Summer Water Safety for Kids

June 6, 2017

From the desk of Shani Snell, Early Childhood Education Department Head:

According to the CDC, drownings are the leading cause of injury death for young children ages 1 to 4, and three children die every day as a result of drowning. I have witnessed several near drownings in my life and the main factor that saved these children was an adult nearby who was water aware. Here are a few water safety tips to keep in mind this summer:

  • Always supervise children near water. All it takes is a few seconds for an accident to happen.  Having a conversation or talking on the phone can sometimes be all the distraction it takes to not realize a child is in danger.  This includes not only pools but also, bathtubs, toilet bowls, ornamental ponds, hot tubs, and lakes.
  • Ask for permission first. Teach your child to always ask permission before going near water.  You want them to stop and think.  This also gives you the opportunity to access the water area and determine if it’s safe.
  • Flotation vests. This is your best investment.  Choose a properly fitting vest with a strap between the legs and head support — the collar will keep the child’s head up and face out of the water.  Water wings and swim belts are not effective against drowning.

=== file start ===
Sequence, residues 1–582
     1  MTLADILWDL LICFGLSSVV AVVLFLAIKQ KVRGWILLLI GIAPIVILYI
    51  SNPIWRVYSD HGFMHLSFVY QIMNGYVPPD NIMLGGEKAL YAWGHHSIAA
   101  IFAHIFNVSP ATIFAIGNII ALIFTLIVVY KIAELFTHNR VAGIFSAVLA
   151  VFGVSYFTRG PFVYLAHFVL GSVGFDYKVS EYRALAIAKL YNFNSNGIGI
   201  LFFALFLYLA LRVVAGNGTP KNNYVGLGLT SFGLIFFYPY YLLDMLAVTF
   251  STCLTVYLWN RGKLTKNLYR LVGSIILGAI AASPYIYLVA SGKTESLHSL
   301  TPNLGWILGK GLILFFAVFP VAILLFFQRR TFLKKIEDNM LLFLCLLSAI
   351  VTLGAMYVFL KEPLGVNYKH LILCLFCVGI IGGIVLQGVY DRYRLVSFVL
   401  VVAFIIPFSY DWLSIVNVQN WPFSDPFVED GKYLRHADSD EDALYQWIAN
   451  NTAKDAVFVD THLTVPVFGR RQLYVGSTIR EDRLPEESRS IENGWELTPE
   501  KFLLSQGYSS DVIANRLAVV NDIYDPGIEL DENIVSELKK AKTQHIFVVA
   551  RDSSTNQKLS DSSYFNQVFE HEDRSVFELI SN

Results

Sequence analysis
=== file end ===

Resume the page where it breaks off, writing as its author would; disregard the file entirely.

• Water watcher. A water watcher is a person designated to watch swimmers during a particular time frame.  This is like a lifeguard at a large pool.   Several adults can take turns being the water watcher.  Drowning can be quick and quiet.
  • Swimming lessons. Children ages 1 and over can attend swimming lessons on a yearly basis.  Use the first month of each summer as a time to tune up and improve their swimming skills.  Even a child who is a strong swimmer can get in trouble under certain situations and still requires constant supervision.
  • Install a 4–sided fence around home pools. This is your first line of defense if a child “slips away” and heads straight for the pool.  This fence should be at least 4 feet tall with a self-closing latch.
  • Learn CPR. In the event of a near drowning, this could save a child’s life.
  • Education. Consider enrolling in “Home Pool Essentials” through the American Red Cross to ensure that your home pool or hot tub is maintained properly and safety checked.

Summer time is fun and water play can be a great source of exercise and learning for young children.   Have a great time but above all, keep your family safe!

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